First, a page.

Guide to Adopting Bonded Pairs of Animals

bonded pets

 

Two animals that have a strong attachment to one another are known as ‘bonded pairs’. They differ from animals who live with each other amicably, as these aren’t always considered a bonded pair. 

In the UK, it’s reported that 57% of households own a pet. The trend of pet ownership in this country has revealed that from 2021 onwards, pet ownership has risen considerably, compared to pre-pandemic figures. 

We love animals and keeping pets, so much of the population may be faced with the responsibility of adopting a bonded pair. Here’s what you need to know.

Why do certain animals bond as pairs? 

There are several reasons why animals can form strong bonds, including shared experiences and socialisation while growing up. Animals don’t have to be littermates to be considered a bonded pair. They may have become lifelong companions or experienced tricky times together, causing them to care for one another.

Implications of separation 

If a bonded pair becomes separated, this could have big implications for the animals. It can cause them to become anxious or distressed due to being in each other’s company to not seeing each other at all. They may even show signs of grief and depression, which can not only impact their livelihoods but also yours as the pet owner. You may find it difficult to bond with them and enjoy a harmonious relationship if they are missing their companion. In some instances, their wellbeing may be depleted. For this reason, many choose to adopt both animals so that they can stay together.

Preparing to adopt a bonded pair 

It’s important to consider what life will look like when adopting a bonded pair and the responsibilities you’ll have. Caring for two animals will be double the work at the end of the day. Not only this, but the financial burden will be greater, so make sure you’ve planned thoroughly in advance. It’s also important to consider multi-pet insurance so that both animals can receive comprehensive healthcare. This will cover routine check-ups, vaccinations and additional medical expenses.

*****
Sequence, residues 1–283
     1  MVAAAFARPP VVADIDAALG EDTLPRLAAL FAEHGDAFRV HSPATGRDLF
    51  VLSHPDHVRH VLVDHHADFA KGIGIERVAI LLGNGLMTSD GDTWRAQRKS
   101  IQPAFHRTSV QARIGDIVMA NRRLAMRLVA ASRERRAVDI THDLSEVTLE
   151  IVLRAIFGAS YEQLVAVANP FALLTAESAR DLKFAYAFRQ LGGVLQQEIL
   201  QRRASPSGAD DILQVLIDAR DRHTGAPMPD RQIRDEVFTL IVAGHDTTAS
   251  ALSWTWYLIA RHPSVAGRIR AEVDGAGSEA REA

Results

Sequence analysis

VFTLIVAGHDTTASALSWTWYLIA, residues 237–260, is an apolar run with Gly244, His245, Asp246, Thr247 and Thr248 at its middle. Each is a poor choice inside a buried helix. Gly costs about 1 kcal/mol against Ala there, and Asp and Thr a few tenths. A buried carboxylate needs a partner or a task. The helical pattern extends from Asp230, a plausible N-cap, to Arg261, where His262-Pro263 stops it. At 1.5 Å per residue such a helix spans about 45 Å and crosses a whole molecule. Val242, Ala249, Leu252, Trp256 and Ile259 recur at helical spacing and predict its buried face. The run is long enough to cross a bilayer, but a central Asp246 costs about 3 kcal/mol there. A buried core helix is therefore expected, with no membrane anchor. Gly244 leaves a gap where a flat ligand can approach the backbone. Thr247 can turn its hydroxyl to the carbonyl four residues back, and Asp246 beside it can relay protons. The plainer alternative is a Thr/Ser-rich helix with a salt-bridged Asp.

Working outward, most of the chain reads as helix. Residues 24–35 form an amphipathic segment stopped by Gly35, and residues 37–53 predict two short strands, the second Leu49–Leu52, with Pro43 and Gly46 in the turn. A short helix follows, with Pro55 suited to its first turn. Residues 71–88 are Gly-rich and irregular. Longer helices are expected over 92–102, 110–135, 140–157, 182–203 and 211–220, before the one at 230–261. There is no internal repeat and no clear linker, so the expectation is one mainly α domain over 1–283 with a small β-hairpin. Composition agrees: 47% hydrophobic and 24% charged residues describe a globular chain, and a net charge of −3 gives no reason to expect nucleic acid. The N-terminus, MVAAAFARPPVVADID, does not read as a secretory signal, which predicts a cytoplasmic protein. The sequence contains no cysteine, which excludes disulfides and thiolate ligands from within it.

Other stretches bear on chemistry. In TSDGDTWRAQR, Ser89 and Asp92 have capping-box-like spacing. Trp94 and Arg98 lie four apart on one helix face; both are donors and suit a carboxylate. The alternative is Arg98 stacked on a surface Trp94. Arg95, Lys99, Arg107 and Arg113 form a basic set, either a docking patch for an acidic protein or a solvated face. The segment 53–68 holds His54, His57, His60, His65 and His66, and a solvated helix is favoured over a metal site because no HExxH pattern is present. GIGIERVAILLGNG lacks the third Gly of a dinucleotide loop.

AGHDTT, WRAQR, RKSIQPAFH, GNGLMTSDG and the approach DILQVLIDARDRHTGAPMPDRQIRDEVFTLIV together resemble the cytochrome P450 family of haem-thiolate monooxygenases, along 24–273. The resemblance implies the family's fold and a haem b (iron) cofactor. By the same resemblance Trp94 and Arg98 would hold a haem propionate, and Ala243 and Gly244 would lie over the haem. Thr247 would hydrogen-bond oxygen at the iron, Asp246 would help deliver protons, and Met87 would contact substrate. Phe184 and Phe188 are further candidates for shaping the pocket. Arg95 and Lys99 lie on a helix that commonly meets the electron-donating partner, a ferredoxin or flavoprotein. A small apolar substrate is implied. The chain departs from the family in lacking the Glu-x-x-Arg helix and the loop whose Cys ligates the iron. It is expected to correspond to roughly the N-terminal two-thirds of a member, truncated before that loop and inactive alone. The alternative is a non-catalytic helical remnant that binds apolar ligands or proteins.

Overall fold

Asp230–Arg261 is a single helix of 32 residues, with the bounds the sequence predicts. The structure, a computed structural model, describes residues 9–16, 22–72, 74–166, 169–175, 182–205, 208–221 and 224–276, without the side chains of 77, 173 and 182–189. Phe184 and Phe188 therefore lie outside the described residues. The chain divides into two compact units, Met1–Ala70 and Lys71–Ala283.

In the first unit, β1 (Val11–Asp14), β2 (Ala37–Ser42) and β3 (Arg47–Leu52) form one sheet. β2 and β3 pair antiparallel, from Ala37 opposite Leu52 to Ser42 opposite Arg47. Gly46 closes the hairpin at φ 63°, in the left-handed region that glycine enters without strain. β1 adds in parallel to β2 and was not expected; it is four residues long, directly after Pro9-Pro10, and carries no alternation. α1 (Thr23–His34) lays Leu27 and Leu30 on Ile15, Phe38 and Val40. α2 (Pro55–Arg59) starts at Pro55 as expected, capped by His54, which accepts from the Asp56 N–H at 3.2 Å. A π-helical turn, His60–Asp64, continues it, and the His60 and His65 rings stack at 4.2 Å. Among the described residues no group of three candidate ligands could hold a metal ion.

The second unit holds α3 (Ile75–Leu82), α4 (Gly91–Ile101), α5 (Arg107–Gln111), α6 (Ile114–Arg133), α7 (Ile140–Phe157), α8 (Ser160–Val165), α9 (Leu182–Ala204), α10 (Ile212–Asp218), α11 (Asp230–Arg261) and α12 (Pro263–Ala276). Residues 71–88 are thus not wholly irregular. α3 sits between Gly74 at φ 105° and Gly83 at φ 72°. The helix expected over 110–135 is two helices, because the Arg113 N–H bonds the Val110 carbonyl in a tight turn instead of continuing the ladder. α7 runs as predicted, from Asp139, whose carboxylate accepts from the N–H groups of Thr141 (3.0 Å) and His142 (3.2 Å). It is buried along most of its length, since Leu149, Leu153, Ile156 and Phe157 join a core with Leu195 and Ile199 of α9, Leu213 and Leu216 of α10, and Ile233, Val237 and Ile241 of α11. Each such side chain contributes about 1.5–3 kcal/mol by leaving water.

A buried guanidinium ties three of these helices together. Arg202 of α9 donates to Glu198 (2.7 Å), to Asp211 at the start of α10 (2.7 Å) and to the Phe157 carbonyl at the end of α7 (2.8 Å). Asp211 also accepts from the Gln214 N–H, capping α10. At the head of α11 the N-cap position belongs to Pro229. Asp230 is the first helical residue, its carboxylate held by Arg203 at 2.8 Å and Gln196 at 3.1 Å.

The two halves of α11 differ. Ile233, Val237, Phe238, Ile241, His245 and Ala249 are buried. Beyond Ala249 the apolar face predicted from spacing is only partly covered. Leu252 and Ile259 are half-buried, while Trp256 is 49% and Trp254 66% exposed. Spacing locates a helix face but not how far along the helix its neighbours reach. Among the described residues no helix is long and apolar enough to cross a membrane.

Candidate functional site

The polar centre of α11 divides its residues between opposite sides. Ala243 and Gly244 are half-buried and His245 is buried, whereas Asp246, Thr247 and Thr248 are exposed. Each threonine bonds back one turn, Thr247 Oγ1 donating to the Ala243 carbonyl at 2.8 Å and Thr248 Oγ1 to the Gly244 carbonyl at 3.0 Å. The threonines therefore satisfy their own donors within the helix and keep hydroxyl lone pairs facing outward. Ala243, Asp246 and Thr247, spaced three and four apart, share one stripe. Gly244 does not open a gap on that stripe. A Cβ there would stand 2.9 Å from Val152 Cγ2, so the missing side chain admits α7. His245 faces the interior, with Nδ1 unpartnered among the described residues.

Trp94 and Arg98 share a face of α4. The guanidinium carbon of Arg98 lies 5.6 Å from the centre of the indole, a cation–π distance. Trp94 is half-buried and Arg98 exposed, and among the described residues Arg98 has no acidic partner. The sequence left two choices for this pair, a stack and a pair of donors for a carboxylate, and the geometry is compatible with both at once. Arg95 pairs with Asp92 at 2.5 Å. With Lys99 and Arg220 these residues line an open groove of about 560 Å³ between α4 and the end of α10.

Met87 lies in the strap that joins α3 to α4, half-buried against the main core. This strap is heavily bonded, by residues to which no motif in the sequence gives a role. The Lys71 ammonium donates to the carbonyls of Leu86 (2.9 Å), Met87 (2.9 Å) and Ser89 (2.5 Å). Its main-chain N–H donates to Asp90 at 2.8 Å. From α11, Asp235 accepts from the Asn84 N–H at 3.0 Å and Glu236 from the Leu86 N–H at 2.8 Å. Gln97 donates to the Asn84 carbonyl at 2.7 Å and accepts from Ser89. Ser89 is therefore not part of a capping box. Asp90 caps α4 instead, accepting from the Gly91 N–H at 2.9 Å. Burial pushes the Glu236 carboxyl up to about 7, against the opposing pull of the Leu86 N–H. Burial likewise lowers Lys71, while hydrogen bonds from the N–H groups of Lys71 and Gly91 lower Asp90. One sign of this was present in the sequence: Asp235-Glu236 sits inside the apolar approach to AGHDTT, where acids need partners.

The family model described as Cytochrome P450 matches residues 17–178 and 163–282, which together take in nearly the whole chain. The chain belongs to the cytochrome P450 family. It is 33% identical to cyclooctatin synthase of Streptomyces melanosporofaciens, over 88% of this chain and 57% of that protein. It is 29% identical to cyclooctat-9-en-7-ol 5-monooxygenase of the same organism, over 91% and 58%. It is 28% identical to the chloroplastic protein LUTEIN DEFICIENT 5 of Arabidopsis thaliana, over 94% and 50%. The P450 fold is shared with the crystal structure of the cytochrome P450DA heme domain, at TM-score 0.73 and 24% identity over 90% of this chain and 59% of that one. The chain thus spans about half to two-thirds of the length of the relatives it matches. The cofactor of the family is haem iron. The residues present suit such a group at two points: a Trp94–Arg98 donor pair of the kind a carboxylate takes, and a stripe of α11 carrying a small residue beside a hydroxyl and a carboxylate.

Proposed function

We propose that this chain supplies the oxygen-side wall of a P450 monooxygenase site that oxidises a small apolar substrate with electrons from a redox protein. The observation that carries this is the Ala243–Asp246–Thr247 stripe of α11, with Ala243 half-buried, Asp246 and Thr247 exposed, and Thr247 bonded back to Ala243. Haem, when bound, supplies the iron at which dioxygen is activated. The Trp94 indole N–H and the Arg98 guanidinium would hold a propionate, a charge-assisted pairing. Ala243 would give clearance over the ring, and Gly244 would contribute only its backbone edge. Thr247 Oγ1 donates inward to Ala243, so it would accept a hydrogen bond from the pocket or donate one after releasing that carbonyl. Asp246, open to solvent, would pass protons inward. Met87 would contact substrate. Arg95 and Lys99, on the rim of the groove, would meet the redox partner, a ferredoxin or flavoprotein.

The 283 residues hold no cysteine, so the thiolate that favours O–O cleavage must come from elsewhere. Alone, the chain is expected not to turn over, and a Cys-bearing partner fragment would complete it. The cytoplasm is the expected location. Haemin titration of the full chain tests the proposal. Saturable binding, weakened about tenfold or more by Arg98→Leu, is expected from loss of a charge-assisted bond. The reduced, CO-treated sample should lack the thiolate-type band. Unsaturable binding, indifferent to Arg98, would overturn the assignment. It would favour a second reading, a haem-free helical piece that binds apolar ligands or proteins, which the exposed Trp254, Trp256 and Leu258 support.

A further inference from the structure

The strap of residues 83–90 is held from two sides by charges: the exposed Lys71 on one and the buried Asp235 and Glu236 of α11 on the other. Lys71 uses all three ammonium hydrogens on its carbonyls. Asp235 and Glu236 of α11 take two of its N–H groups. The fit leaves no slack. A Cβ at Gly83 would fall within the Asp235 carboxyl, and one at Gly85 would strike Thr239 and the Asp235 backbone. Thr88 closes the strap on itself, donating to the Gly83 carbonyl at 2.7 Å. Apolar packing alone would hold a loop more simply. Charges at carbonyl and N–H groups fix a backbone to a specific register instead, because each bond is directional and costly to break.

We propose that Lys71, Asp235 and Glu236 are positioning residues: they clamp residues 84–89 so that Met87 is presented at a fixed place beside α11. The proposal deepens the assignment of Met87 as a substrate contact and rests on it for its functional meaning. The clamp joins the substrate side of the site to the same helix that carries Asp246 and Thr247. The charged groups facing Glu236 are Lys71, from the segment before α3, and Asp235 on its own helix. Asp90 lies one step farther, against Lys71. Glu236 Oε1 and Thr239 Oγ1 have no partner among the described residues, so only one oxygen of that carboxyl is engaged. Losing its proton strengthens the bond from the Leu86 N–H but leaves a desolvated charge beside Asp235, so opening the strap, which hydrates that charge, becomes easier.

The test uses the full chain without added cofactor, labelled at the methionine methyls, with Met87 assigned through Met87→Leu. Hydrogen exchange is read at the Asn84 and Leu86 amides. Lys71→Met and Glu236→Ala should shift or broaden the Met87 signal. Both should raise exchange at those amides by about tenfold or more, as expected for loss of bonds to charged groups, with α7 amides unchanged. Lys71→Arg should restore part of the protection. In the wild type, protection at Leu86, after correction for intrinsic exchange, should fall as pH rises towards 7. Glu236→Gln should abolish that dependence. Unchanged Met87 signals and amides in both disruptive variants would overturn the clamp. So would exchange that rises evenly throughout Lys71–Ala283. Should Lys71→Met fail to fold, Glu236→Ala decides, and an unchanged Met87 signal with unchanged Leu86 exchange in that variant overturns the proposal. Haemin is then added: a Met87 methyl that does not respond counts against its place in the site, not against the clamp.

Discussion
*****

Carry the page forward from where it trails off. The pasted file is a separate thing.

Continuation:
Preparing your home 

Your home should be adapted to meet the needs of both animals. This means there should be plenty of space and toys for them to play with. It means both will be able to benefit from enrichment opportunities. Resting areas should be set up near each other, and so should feeding and litter areas. The idea is that you provide plenty of opportunity for both animals to socialise together and enjoy their own space at the same time.

As the owner, you should also give an equal amount of attention to the bonded pair so that both feel an equal amount of love and affection.



 

 

 

 

 

 

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